Eustratios of Constantinople

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Eustratios, Presbyter of Constantinople (fl. 590s) was a pupil of Patriarch Eutychius of Constantinople (d. 582) and writer.[1]

He is remembered as the author of a tract against belief in soul sleep entitled A Refutation of Those Who Say That the Souls of the Dead Are Not Active and Receive No Benefit from the Prayers and Sacrifices Made for Them to God.[2] A Latin translation of this work De statu animarum post mortem was reprinted 1841.[3]

Eustratios responds to arguments that the dead are "incapable of activity" (anenergetoi and apraktoi), by countering that the dead are even more active in death.[4]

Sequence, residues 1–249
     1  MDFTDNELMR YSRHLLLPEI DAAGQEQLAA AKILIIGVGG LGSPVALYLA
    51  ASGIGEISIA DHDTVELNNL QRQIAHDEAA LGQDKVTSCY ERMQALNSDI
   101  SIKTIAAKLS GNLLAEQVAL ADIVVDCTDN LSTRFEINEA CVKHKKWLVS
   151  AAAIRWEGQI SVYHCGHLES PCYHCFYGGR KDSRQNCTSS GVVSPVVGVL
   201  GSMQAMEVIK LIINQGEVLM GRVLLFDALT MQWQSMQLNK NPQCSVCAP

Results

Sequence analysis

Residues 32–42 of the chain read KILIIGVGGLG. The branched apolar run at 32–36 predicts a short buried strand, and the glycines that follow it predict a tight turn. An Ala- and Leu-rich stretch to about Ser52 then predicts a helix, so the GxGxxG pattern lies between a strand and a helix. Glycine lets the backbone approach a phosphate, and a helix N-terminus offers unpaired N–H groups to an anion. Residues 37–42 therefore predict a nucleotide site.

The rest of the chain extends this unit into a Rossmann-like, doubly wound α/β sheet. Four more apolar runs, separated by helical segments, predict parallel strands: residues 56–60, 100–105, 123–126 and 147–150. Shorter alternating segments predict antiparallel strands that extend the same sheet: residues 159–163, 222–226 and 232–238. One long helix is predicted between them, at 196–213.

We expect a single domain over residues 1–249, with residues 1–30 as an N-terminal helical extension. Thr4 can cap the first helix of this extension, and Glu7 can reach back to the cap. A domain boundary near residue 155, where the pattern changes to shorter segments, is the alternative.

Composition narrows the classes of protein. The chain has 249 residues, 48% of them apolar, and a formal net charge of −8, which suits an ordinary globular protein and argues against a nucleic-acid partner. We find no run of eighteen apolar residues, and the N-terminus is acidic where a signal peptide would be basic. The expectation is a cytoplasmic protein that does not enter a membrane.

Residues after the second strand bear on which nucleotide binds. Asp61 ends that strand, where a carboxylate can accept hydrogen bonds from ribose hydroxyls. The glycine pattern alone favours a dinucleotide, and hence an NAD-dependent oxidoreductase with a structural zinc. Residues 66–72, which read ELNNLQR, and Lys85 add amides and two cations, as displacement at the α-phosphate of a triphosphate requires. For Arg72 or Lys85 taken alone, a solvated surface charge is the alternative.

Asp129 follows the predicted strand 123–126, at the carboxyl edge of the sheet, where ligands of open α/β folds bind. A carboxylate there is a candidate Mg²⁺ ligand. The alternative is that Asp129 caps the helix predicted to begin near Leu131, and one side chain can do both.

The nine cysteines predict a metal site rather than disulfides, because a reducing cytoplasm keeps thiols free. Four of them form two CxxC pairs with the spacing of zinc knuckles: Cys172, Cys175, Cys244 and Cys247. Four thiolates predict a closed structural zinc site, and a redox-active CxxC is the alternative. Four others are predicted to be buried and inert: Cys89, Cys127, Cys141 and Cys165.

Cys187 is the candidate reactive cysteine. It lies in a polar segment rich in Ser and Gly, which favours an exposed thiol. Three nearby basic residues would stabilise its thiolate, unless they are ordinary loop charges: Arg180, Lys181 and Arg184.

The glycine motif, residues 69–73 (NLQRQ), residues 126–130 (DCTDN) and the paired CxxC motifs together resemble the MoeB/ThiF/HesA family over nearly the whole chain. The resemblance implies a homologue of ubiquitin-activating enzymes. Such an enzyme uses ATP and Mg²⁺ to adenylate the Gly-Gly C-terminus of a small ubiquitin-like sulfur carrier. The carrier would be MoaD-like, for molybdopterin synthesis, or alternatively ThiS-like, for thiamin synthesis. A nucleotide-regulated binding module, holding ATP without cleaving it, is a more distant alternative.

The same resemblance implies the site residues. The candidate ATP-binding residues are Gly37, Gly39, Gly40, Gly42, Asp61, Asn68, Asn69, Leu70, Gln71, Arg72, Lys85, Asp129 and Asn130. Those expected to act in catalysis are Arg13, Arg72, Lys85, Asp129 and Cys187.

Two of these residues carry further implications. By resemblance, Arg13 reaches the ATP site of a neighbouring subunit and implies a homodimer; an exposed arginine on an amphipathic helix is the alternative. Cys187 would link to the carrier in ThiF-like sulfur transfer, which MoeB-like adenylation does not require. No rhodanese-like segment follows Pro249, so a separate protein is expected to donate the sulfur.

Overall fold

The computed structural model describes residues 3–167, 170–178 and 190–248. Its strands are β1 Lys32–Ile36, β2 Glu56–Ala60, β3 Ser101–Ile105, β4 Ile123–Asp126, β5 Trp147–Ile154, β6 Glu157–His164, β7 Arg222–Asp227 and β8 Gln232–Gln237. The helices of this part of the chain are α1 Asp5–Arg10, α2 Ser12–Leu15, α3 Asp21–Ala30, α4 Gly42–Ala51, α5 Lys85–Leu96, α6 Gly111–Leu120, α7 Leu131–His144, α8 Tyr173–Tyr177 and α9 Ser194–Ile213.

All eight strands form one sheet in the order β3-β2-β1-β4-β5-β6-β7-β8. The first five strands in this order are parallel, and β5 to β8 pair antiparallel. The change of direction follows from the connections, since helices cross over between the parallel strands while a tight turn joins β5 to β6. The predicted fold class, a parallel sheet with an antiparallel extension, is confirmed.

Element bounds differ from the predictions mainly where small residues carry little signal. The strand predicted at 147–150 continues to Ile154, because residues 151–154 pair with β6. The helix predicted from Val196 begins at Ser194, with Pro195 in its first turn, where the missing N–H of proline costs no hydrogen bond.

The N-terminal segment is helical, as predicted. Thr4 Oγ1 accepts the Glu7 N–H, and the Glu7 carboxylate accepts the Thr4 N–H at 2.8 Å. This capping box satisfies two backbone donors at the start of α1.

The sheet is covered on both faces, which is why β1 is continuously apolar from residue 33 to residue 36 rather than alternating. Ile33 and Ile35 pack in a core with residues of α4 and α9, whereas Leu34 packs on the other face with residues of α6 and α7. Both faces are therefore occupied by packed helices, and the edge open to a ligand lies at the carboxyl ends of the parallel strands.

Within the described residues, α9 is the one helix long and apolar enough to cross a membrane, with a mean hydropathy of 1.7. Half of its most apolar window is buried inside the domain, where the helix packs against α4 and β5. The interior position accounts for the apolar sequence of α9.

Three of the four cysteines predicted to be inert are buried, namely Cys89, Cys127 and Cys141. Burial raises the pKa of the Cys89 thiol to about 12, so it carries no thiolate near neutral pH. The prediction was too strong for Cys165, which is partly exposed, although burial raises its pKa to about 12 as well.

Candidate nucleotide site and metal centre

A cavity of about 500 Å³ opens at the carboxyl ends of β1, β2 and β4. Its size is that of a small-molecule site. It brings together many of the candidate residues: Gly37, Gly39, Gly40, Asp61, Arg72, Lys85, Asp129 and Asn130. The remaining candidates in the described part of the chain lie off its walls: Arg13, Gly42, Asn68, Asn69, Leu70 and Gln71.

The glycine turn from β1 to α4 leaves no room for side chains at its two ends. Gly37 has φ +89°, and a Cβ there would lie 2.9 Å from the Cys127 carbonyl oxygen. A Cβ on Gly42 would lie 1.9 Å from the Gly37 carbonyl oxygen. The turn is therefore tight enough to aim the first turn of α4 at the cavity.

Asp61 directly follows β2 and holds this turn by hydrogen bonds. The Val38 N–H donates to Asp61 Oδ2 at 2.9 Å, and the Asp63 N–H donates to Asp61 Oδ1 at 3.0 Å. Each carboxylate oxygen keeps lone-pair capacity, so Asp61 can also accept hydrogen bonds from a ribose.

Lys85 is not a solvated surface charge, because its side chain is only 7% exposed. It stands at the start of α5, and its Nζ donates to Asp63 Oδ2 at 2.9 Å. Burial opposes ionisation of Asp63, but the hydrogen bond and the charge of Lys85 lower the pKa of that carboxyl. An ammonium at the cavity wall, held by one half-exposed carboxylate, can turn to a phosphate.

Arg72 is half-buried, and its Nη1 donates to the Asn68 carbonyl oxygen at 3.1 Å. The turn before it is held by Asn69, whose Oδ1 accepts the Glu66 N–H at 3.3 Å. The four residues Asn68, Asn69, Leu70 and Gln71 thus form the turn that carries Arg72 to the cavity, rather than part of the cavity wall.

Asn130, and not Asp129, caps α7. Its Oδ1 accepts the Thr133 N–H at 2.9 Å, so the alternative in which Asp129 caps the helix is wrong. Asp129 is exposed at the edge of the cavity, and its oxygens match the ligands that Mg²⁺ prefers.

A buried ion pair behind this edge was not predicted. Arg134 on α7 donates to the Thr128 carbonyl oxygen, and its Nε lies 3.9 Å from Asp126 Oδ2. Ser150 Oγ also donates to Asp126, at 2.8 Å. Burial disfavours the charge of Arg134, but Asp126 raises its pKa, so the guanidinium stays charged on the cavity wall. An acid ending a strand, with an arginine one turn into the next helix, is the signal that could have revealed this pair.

Other Byzantine writers opposing Christian mortalism were John the Deacon, Niketas Stethatos, Philip Monotropos (Dioptra pp. 210, 220), and Michael Glykas.[5]

References[edit]

  1. ^ N. Constas, An Apology for the Cult of the Saints in Late Antiquity: Eustratius Presbyter of Constantinople (CPG 7522)
  2. ^ Leo Allatius, ed., De Utriusque Ecclesiae Occidentalis atque Orientalis Perpetua in Dogmate de Purgatorio Consensu (Rome, 1655), 336–580
  3. ^ by J.-P. Migne, Theologiae cursus completus, vol. 18 (Paris, 1841)
  4. ^ Gouillard
  5. ^ Nicholas Constas "To Sleep, Perchance to Dream": The Middle State of Souls in Patristic and Byzantine Literature". Dumbarton Oaks Papers 55: 92–124